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Logo of nihpaAbout Author manuscriptsSubmit a manuscriptHHS Public Access; Author Manuscript; Accepted for publication in peer reviewed journal;
FEBS Lett. Author manuscript; available in PMC 2007 December 17.
Published in final edited form as:
PMCID: PMC2140149



We hypothesized that the ambient air pollution particles (PM) induce cell cycle arrest in alveolar epithelial cells (AEC). Exposure of PM (25μg/cm2) to AEC induced cells cycle arrest in G1 phase, inhibited DNA synthesis, blocked cell proliferation and caused decrease in cyclin E, A, D1 and Cyclin E- cyclin-dependent kinase(CDK)-2 kinase activity after 4h. PM induced upregulation of CDK inhibitor, p21 protein and p21 activity in AEC. SiRNAp21 blocked PM–induced downregulation of cyclins and AEC G1 arrest. Accordingly, we provide the evidence that PM induces AEC G1 arrest by altered regulation of G1 cyclins and CDKs.

Keywords: Ambient air pollution particle, Cell cycle arrest, CDKs, G1 Cyclins, Particulate Matter

1. Introduction

Airborne particulate matter (PM 2.5μm) increases morbidity and mortality from cardiopulmonary diseases resulting in an estimated 500,000 deaths each year worldwide [1, 2]. PM is genotoxic to alveolar epithelial cell (AEC) by causing DNA damage and apoptosis [37]. The biochemical and molecular mechanisms underlying particle-induced cytotoxicity are poorly understood. However, the generation of reactive oxygen species (ROS) is known to mediate PM-induced toxicity to various cell components [35]. PM contains transition metals such as Fe, Cu, Ni, V, Co, and Cr, which may induce oxidative damage by generation of ROS [4, 6]. While, ROS-mediated activation of transcription factors, such as nuclear factor kappa B (NF-κB) and release of inflammatory mediators such as interleukin (IL)-6, IL-8 and tumor necrosis factor-alpha (TNF-α) may lead to lung injury [7]. Finally, we previously showed that activation of a mitochondria-regulated death pathway by augmented oxidative stress caused PM-induced apoptosis in AEC [35].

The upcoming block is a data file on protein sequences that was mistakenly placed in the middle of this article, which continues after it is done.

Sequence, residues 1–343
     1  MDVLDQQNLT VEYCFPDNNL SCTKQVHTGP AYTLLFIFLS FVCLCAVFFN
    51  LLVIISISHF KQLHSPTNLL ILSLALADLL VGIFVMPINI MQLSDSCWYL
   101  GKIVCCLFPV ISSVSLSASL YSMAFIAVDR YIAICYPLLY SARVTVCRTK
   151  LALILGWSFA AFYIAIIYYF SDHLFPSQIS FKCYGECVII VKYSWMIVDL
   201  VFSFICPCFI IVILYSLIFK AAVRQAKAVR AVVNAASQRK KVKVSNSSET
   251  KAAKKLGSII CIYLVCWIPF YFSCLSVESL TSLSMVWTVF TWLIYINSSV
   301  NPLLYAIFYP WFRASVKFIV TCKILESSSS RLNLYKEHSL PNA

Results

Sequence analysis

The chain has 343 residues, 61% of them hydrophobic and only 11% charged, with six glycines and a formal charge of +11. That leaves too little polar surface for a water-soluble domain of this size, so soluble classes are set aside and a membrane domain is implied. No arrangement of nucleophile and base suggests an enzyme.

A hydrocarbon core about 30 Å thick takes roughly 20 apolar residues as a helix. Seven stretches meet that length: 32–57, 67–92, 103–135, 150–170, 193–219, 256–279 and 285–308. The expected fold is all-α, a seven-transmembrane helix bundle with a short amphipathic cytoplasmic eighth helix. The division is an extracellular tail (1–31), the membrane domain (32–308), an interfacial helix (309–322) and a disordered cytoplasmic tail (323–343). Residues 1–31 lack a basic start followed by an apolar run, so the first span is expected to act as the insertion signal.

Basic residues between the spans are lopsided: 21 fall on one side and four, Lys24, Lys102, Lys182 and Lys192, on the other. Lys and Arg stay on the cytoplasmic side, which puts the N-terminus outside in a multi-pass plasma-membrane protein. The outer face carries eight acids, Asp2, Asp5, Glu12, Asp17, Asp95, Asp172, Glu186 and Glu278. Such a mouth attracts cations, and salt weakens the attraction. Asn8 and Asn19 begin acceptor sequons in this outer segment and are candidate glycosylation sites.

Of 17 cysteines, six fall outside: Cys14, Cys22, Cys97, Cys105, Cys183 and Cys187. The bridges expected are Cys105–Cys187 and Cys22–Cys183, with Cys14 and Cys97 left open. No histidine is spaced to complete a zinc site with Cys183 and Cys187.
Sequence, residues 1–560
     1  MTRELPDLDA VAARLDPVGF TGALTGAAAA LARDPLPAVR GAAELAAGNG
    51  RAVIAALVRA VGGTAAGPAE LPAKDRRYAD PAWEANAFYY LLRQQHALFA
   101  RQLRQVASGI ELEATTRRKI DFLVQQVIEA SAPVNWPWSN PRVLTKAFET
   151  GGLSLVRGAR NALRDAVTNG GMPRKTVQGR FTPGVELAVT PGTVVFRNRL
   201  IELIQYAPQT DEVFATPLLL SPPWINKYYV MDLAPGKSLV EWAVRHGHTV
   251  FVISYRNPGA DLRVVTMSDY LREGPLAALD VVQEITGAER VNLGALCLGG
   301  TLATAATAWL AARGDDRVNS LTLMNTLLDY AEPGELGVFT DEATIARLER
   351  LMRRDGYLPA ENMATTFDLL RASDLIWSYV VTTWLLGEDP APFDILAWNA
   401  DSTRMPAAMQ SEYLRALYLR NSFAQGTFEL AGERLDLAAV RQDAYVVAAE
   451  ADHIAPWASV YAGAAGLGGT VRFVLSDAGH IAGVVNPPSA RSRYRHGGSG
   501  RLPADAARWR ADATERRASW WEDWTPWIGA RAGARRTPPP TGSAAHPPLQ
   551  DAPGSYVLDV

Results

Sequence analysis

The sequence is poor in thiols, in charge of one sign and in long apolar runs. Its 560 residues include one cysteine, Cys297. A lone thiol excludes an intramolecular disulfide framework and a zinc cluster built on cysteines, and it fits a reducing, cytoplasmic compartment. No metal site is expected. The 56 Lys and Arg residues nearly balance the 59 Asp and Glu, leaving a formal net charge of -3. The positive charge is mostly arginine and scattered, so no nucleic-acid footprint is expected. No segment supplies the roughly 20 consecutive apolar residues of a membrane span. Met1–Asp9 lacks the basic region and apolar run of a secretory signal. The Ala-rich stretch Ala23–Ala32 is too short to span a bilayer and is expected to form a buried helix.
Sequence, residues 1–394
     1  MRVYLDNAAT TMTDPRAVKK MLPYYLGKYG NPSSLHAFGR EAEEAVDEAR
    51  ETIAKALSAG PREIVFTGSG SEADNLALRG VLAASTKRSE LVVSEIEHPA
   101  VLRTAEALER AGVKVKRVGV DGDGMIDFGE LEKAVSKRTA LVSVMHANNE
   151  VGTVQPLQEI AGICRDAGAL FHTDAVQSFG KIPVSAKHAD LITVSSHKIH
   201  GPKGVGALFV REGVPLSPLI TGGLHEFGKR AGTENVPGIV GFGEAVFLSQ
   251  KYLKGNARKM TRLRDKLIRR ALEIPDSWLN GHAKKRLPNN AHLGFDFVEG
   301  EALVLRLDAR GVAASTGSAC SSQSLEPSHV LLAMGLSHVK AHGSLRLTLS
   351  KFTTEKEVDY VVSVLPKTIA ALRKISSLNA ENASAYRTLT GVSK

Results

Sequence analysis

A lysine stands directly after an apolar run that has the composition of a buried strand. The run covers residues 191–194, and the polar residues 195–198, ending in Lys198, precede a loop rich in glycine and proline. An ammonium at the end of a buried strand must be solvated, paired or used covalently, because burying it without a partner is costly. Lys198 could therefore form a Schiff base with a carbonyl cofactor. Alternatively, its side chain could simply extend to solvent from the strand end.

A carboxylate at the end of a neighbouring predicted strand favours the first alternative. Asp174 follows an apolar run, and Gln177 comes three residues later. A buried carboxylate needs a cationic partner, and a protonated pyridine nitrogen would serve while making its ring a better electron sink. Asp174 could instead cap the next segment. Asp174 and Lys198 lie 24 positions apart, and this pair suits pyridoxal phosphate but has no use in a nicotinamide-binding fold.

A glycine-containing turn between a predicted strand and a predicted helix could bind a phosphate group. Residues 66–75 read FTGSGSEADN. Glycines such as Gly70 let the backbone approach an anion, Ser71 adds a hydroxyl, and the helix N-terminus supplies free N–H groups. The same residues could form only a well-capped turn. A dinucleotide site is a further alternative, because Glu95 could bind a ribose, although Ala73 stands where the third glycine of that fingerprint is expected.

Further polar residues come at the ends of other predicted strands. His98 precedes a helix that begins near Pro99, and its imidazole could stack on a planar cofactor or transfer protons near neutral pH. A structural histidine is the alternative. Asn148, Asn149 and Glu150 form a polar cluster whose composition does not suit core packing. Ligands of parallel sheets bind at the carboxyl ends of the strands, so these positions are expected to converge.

Oxidants generate signals that converge to cause wide range of cellular responses ranging from growth arrest; apoptosis and ultimately necrosis depending on the level of oxidative stress experienced [810]. H2O2, in particular, is known to induce multiphase cell cycle arrest [9]. However, the cellular responses after PM-induced oxidative stress on cell cycle regulation are not known. Control of cell cycle progression in response to oxidative stress is linked to activation of a checkpoint mechanism operating before entry into the S phase [10]. Progression through the G1 phase and the G1–S transition involves sequential assembly and activation of G1 cyclins and CDKs [1012]. After oxidant injury, the rapidity of initiation of type II cell proliferation is crucial for a proper healing, as delay in the reepithelialization process has been implicated in the development of pulmonary fibrosis [3, 9]. Therefore, characterization of the mechanisms involved in the block of type II cell replication by oxidants; and the internal and external stimuli that regulate the repair mechanisms appear to be critical for the understanding and management of many lung diseases that are associated with oxidative stress. In this study, we sought to determine whether PM-induces AEC G1 arrest by altered regulation of G1 cyclins and CDKs.